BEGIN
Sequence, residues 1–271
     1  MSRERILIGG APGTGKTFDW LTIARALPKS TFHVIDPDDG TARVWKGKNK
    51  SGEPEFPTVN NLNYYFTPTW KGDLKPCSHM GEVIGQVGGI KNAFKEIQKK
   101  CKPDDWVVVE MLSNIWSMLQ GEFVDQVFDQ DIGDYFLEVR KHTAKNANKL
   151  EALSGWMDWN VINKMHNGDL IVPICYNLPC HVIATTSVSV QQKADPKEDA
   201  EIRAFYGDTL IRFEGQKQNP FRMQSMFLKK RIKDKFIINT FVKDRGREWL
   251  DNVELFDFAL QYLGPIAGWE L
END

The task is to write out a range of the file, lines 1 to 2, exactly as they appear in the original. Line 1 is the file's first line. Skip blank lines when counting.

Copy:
Sequence, residues 1–271
     1  MSRERILIGG APGTGKTFDW LTIARALPKS TFHVIDPDDG TARVWKGKNK